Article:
Aisforapple

August 14th, 2016 by Jan

It is fruit season. Summer time means berry time in our neck of the woods, and I’m delighted.

Blackberry bushes abound and the fruit is free for the picking! I can fill a zip lock baggie on almost every walk I take.

Ken and I stopped at a blueberry farm in Powell River last week and picked 28 pounds of the perfect fruit. I would have picked more, but it was really hot and we had a boat to catch.

Cherries are already in the freezer. They are the first sign around here that summer is come. Raspberries are next.

Now is also the time for peaches, apricots, nectarines and plums, and since this story is titled A for apple, I better mention that apples are coming on. We get these from a guy in Davis Bay who brings them in from the Okanagan.

There is a harvest race on the coast between the bears, birds, and people with tasty ripe fruit as the prize. I’ve yet to pick blackberries without thinking about the bears in the area, knowing I better not get too greedy or venture too far into the woods.

As much as Ken loves having a shed full of split fire wood – I love having a freezer full of fruit. Stocking up puts me in a comfort zone. I feel our abundance when we have a full freezer.

I’ve always been a fruit picker. I worked at a blueberry farm in Oregon for a couple of years. I can’t say I made a living at it, but that particular job paid for my China trip in 1994.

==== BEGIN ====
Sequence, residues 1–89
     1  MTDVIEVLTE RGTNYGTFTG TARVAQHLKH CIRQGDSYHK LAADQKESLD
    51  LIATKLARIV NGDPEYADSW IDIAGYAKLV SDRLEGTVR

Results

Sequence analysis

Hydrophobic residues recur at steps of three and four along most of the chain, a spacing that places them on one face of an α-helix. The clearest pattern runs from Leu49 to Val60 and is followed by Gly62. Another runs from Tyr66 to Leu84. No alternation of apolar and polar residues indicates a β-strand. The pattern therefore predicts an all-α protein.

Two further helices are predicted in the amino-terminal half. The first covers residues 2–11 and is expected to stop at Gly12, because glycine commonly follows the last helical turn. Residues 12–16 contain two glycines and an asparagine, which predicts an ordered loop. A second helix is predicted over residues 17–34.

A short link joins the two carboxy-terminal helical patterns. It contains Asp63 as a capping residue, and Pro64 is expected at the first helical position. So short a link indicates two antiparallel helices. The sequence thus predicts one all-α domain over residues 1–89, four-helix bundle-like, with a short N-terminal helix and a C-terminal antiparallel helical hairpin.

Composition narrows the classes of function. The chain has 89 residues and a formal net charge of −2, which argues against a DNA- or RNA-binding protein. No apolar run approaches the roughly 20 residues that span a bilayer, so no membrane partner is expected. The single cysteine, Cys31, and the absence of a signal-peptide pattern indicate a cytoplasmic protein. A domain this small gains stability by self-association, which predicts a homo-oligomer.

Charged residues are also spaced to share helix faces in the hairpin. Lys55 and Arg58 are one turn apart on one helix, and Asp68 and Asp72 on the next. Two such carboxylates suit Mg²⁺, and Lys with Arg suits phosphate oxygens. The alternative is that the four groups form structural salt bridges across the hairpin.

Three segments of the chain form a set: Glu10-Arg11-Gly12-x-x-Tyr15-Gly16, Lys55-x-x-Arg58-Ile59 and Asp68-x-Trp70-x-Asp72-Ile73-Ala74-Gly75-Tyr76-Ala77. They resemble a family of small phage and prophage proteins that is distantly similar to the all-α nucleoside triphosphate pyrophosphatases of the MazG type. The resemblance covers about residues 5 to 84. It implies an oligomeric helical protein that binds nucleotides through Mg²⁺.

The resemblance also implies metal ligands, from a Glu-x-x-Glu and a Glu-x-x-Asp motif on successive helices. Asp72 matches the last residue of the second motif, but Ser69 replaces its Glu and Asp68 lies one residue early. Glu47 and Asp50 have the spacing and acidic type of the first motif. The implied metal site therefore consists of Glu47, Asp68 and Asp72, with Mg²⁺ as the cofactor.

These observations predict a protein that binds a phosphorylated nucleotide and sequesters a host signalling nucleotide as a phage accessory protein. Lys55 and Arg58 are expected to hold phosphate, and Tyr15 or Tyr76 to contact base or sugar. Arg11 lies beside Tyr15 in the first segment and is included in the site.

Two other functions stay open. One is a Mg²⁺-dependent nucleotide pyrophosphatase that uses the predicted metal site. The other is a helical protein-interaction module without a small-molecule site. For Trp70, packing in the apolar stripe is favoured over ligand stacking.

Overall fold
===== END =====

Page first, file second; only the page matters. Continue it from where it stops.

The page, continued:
I also paid my rent picking cherries in Colorado in the early 70s. So what if the rent at the house was maybe $75. each month and I was one of a dozen hippies, give or take, sharing expenses at the time!

It might have been a job to some, but for me it,  was a grand time. I remember sitting on a tall wooden ladder, high up in a cherry tree, listening to the manager of the farm, complaining that, “The hippies are worse than the Mexicans” when it came to picking fruit.

There was no doubt about it. We hippies were horrible workers. We smoked pot, drank beer, and sat high in the tress, enjoying the view, listening to music, and eating more fruit than we picked for the man. All the while the Mexicans were actually working their butts off, in the hot sun, trying to support a family and hoping to make enough money to move to the next farm and make it to the next season.

Still, for me, great times were had, and fine memories made then. To this day, I am happiest in a field of fruit that needs picking. Leave me alone and let me collect. I can fill a bucket with joyful determination.

I still probably eat more than my fair share while picking, but, I do my best.

This time of year it is my job to fill our freezer with the bounty of the area and even in retirement, I relish the work.

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